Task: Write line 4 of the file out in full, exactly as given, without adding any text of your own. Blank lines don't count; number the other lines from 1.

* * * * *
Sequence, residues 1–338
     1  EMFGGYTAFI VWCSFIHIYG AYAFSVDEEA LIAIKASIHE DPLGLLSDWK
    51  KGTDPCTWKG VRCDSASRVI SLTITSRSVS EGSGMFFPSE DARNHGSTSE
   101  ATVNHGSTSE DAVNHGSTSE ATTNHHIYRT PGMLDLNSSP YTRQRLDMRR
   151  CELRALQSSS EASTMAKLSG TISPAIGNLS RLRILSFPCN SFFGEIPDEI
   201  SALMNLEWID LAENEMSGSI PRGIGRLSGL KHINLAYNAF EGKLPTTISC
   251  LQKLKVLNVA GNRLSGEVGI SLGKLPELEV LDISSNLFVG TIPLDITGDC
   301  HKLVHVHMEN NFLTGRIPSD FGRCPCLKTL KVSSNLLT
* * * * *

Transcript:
   101  ATVNHGSTSE DAVNHGSTSE ATTNHHIYRT PGMLDLNSSP YTRQRLDMRR